There was a certainly an extra touch of class in Rouse Street on Wednesday, July 11 as the Gold Coast MG Car Club made its triennial pilgrimage to the Pink Place (Best Western The Henry Parkes Tenterfield Hotel) for Christmas in July.
Expedition organiser Jim Lutherborrow said he always looks forward to when Tenterfield comes up in the rotation, which is shared with Toowoomba and Montville.
In all 46 people in 24 cars made the trip, and Mr Lutherborrow said it’s a challenge to find places that can accomodate everyone and provide all the amenities required.
The cavalcade of class made its way from the Gold Coast stopping for lunch at Bonalbo before rolling into Tenterfield at around 3pm. In the evening they’ll enjoy a three-course Christmas dinner in front of the fire.
There’s some free time in the morning for those who wish to check out some of the local attractions, with each participant equipped with a folder of information from the Visitor Information Centre. Then the drivers will head for home around 10.30am on Thursday, taking them through Casino in time for lunch at Kyogle.
“It’s difficult to find a motel with 26 rooms and a licenced restaurant that can seat 50 people,” Mr Lutherborrow said.
“There’s only one in Montville and we have to book out the whole motel in Toowoomba as well.”
The club came close to booking out the Best Western The Henry Parkes, with the motel’s Lea Crotty going to great lengths to ensure that the group was well-catered for.
The sight of the classic cars parked around the motel’s quadrangle was a sight to quicken the heart of carlovers. The English-manufactured classic MGs were made from the late 1930’s through to the late 1970’s. Manufacture started up again in the late 1990’s of what is referred to as the modern MGs.
Settling in for the night, car owners were busy clipping on their car’s covers, not relishing a frosty seat in the morning. Also apparently the aerodynamics are not as depicted in the current television commercial as a windshield doesn’t save passengers getting buffeted by the wind.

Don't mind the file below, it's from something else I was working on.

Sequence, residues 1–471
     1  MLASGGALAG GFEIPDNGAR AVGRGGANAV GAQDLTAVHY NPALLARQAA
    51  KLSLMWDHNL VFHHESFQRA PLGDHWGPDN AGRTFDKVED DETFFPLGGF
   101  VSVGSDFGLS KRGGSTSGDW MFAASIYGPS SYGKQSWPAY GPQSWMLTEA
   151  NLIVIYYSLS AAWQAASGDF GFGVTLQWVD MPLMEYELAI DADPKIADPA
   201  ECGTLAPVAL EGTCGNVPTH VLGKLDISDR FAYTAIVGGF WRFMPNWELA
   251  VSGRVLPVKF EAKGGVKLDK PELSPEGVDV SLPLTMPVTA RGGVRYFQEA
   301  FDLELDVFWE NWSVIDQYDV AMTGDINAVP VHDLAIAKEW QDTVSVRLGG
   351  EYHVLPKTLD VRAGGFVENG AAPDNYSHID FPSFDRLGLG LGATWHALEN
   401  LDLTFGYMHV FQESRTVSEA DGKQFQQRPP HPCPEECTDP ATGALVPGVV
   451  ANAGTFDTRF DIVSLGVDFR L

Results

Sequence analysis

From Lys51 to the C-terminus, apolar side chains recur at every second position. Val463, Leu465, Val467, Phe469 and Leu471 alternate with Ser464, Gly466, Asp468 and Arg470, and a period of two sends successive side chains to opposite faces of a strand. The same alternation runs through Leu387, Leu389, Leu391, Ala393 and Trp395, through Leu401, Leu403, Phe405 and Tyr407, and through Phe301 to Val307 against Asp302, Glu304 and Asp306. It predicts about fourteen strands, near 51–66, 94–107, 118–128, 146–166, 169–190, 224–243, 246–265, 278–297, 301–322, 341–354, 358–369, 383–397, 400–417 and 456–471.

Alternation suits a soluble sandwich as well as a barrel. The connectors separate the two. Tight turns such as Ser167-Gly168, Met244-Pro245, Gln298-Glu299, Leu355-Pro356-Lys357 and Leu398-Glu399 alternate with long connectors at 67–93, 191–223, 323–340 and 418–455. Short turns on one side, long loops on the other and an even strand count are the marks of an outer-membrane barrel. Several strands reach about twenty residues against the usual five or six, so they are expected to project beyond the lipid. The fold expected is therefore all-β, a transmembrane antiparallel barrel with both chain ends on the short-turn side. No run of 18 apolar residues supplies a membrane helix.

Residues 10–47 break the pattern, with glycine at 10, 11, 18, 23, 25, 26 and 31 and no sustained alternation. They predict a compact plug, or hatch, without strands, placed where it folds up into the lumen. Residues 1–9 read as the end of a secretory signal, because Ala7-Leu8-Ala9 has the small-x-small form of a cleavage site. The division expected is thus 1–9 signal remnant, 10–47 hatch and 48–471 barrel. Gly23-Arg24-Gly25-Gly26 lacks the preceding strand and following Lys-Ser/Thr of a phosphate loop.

Many of the older cars’ soft tops no longer operate, but Murray Arundell for one doesn’t miss his in even the most inclement weather. He prefers to dress to the conditions knowing the vehicle is robust enough to handle a little rain or snow in the interior.
He said his 1949 MG TC ‘runs like a dream’. He’s had it for 30 years and said he just about knows how to drive it now.
The car was in a pretty sad state and barely drivable when he took it on, but he and mate Rob Baylis put it all back together. Mr Baylis also owns a 1949 MG TC, but his goes faster because it’s red.
At the other end of the scale Carole Cooke’s 2017 MG3 in bright yellow is a vision, but she’s hanging out for an MG Roadster with rumours of it going into production by the end of the decade.
The car club has regular monthly outings as well as three overnight tours a year, of which the Tenterfield one is the premium, of course, according to Mr Lutherborrow.
Once this trip is over he will start organising next year’s, to be in Toowoomba. It will be 2021 before the club returns to Tenterfield, en masse at least.